Bart stuffed his hands in his armpits and tried to keep them warm. In the daytime, the cool dungeon was welcoming, shade from the burning desert sun and cool stone to sit on. But when darkness came the cold came with it, and the only bedding of the prince was one threadbare blanket, the better parts of which were wrapped around his sleeping cousin.
She had dropped off instantly, too exhausted for the cold to keep her awake, her head pillowed in Bart's lap. Sleep was not so kind to Bart. Even though the rock wall was no kind of bed, it was a cool mercy on the burning sticky skin of his back. Outside, in the dark, he could hear the distant sounds of celebration and singing. The guard that had come earlier to bring their food was probably drunk, staggering over the keys, grabbing at Margie and knocking Bart away when he had intervened.
Bart didn't bother wondering what they were celebrating, he only wanted to sleep. He closed his eyes and fell into a fitful half-slumber, dreaming that his father came to rescue him, and struck the guards down with a pair of live serpents in his hands. He was rather irritated to be woken by a loud bang, wrapping one arm around Margie and thinking that the guards could at least get drunk somewhere else, when he wasn't having such a nice dream.
He opened his eyes all the way when the bolt slid back in the door of their cell, instantly awake, his heart hammering and fear closing around his stomach like an icy hand. It had not been often that the guards came this late at night, but all the same, Bart was not about to forget. His hands tightened on Margie, and he hoped that she would sleep through it, as she had before.
"This one," someone said, beyond the door. "There aren't any others."
Keys rattled, the door opened and Bart, crammed tightly in the corner of the room, saw the shape of the man standing there and forgot to breathe.
"Young master!" A shape more familiar detached itself from the shadows behind the stranger, and Bart blinked confusion at his father's old retainer.
"Thank all the kings of Aveh," Maison reached out to Bart. "We didn't even know if we'd find you alive, my dear boy."
The shadowy figure stepped into the square of moonlight and the mirage was broken. In shadow, he had looked like Bart's dream of his father, but the pale cold starlight shone on hair that was silver and not gold, and skin the color of polished amber. Bart shrank back slightly in his corner.
"Can you walk?" the stranger asked, and Bart nodded.
"Yeah, but Margie's too tired."
"I'll get her," Maison said, lifting the sleeping girl in his weathered hands. Margie whimpered once, but did not wake.
"You won't remember me, Your Highness." The stranger went down on one knee in front of Bart. "I was your father's squire many years ago."
Bart's gold brows furrowed, sorting through memories before fire and turmoil. "Sigurd?" He shook his head. "Everybody said you'd died."
Sigurd shook his head. "I was only delayed. I promised the king I would look after you."
"Sigurd," Maison was looking down the hall, nervous. "We must hurry. Your kinsmen fight as if they were three men each, but we must secure our escape."
"Quickly, Your Highness." Sigurd reached down to pull Bart up, but the prince cried out when Sigurd touched his back.
"Sorry," he said quickly, standing up on his own, using the wall for support. "It only hurts a little, really."
"Have they hurt you, young master?" Maison hovered in the doorway, worried.
Sigurd looked at the palm of his hand and the traces of Bart's blood on his fingertips. "They've whipped him like a common slave." Sigurd swore in a language Bart didn't understand, and shrugged out of his sleeveless red jacket. "Here," Sigurd said, and wrapped it around Bart's shoulders. It was too big by far, but lined in satin, mercifully soft on Bart's bare skin. "Forgive me, my prince, but I will have to carry you. We are running out of time."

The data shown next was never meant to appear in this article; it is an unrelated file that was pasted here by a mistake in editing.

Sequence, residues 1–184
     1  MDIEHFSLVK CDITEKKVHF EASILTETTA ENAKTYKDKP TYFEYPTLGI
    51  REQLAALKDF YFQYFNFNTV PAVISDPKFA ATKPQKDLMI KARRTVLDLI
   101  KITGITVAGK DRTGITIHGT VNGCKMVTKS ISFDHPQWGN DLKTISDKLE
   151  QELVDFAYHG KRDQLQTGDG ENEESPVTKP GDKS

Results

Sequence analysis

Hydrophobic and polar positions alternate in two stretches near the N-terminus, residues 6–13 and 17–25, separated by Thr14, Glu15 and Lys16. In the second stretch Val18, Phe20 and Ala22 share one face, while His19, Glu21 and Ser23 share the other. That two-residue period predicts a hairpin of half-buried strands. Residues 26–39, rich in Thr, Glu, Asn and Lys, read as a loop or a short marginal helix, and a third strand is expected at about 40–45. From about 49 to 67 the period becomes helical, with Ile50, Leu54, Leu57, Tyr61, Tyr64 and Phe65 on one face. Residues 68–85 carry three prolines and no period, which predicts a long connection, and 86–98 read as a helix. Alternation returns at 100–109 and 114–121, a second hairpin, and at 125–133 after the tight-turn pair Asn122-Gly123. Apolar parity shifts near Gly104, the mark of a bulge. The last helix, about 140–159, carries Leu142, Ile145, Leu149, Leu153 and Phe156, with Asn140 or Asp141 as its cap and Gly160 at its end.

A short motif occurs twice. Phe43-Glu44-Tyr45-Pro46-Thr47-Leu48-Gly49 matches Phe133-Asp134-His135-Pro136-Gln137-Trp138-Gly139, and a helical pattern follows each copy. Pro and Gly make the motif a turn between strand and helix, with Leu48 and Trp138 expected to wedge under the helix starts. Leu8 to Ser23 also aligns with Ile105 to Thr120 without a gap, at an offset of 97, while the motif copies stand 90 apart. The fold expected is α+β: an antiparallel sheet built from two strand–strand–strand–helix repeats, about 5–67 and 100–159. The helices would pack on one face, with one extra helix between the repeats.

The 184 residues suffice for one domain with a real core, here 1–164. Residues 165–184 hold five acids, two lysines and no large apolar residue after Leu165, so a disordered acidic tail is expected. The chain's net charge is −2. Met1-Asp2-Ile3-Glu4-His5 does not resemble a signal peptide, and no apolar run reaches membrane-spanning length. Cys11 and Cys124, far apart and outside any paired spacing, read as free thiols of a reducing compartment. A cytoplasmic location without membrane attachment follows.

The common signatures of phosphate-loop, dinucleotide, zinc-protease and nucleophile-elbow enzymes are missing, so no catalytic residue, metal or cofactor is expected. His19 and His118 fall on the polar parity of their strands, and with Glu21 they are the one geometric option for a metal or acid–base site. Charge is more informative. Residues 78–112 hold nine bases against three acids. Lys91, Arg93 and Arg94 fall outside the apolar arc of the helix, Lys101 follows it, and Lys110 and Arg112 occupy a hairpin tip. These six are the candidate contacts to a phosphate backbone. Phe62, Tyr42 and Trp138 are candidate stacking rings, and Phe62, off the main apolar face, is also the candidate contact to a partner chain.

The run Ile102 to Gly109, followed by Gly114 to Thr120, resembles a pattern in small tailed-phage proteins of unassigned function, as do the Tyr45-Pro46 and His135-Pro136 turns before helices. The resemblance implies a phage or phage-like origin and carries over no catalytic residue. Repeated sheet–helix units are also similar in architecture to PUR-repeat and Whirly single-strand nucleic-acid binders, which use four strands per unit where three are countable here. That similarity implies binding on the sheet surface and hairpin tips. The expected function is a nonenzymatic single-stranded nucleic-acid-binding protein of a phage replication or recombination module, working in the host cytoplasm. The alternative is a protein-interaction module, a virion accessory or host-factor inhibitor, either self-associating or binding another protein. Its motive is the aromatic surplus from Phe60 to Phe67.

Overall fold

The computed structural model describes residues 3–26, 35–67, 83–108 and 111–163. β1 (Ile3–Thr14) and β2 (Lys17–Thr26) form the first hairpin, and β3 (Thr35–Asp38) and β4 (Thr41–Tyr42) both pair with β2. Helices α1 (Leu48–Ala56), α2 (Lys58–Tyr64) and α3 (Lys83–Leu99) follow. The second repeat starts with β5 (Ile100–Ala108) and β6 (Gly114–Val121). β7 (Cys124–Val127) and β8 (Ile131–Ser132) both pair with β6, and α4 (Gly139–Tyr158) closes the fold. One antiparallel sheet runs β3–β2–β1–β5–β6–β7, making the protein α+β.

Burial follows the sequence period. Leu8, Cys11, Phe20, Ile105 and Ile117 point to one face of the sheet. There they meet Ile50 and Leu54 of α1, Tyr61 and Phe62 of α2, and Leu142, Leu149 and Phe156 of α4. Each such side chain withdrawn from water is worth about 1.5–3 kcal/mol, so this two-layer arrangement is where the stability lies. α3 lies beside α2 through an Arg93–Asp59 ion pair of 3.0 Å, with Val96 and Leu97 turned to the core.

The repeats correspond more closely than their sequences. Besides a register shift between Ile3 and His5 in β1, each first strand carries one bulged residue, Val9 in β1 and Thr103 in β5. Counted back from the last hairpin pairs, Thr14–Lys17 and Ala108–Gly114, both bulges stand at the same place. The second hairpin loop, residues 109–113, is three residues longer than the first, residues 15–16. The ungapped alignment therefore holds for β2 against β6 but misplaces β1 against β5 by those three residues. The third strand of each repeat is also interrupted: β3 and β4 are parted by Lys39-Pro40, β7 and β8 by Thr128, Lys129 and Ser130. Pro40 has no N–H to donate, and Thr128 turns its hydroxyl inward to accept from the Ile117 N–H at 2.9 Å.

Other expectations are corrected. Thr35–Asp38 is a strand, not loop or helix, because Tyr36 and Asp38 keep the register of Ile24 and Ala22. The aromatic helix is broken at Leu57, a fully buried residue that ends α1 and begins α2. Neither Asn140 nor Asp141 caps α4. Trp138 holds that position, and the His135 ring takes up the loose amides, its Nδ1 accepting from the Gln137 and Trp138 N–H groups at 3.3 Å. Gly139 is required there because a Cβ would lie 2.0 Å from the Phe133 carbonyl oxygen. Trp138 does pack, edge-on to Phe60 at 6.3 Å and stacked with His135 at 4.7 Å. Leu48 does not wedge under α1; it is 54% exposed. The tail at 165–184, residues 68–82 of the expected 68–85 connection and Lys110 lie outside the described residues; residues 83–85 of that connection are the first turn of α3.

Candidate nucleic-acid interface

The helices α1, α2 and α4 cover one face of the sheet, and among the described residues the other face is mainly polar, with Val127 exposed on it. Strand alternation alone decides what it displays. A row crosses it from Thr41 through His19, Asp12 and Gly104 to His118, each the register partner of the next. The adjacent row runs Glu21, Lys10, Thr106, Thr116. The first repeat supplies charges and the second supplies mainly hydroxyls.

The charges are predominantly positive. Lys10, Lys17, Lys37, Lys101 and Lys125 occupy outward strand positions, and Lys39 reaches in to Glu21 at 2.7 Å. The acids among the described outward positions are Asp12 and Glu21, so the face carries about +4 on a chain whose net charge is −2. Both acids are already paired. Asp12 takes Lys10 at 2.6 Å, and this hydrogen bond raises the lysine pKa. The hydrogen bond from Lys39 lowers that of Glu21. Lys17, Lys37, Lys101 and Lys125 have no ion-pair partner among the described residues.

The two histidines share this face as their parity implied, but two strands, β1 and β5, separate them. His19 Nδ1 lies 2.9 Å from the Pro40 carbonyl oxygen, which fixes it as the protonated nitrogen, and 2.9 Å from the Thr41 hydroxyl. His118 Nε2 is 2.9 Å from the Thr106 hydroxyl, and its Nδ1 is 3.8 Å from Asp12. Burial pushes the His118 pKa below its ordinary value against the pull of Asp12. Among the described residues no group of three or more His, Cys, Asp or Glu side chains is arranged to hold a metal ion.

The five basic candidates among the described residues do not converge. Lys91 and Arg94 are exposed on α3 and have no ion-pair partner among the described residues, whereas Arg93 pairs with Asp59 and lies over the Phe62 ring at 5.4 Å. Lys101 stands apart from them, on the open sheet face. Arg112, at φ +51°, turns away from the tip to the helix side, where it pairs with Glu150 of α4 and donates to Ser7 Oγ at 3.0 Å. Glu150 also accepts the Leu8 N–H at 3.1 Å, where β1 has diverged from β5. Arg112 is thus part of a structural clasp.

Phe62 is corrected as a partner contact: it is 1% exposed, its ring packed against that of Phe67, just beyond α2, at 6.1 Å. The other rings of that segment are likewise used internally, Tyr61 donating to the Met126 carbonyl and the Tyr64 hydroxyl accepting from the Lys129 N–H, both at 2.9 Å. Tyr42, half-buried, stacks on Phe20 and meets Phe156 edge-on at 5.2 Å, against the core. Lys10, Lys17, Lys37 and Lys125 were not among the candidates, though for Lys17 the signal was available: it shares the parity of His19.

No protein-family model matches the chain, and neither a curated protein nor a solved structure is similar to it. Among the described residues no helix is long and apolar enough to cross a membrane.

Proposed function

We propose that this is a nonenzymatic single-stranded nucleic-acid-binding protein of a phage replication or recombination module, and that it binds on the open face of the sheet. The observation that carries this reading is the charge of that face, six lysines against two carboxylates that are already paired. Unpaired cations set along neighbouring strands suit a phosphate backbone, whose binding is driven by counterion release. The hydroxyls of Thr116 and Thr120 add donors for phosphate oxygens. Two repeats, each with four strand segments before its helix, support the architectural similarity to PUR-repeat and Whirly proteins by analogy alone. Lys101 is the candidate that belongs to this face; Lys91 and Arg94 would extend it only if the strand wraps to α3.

Sigurd swept Bart up into his arms, and Bart bit his lip to not cry out, knowing Sigurd was being as careful as he could.
"They'll have sealed off the upper levels by now," Maison said. "What do you intend to do?"
"My uncle's people have their own escape routes. We only need to get to the hangar in the basement."
"Are you mad? There's no way out of there!" Maison protested, but he was following Sigurd, trying not to jostle Margie in his arms.
"Only the most obvious one," Sigurd's smile was small, hidden in the corners of his mouth and in his eyes, but it was there.
"The Yggdrasil?" Maison gasped, sensing Sigurd's intent as they climbed the steps out of the old dungeon, through a more modern corridor and into an elevator. He shook his head in what could only be admiration, and laughed. "You're as mad as your late--"
Sigurd shot him a sharp look and Maison fell silent. "I'm not leaving without it," He said, and lowered Bart for a moment as the elevator bore them down, swiftly and silently. "They will not expect us to come this way."
"You're going to steal Dad's ship?" Bart's eyes went wide. He was hanging onto the elevator rail, and trying to make it look like he didn't need to. "Coool!"
"Not your father's ship, Bartholomei." Sigurd smiled tensely, his eyes on the numbers counting down on the display. "Yours. As much of your kingdom as you can rule, for now."
Maison chuckled. "It can be a Midwinter present, Your Highness."
"...I didn't even know it was midwinter," Bart said, and his eyes fell on the pair of whips hanging at Sigurd's hip, the braided leather shining like snakeskin. "Father always said, dreams you dreamed at midwinter would come true."
The elevator hummed to a halt and Sigurd reached out to pick Bart up again, but the prince shook his head.
"I can walk," he said, letting go of the railing. "Really. It doesn't even hurt much anymore."
"Leaving on your own two feet, young master." Maison shook his white head. "Your father would be proud."
"I won't slow you down," Bart said, as Sigurd considered.
"No," Sigurd answered quietly, looking down at the small golden heir to the throne, in his borrowed Solarian Fire Element jacket, his tired dirty face, his eyes like an oasis. "No, I think I will be catching up to you from now on. This way," he said, running along the gangway to the hangar. "Stay with me, Bartholomei."
Bart ran with him, two small strides to Sigurd's long one, and they cleared the railing of the Yggdrasil side by side.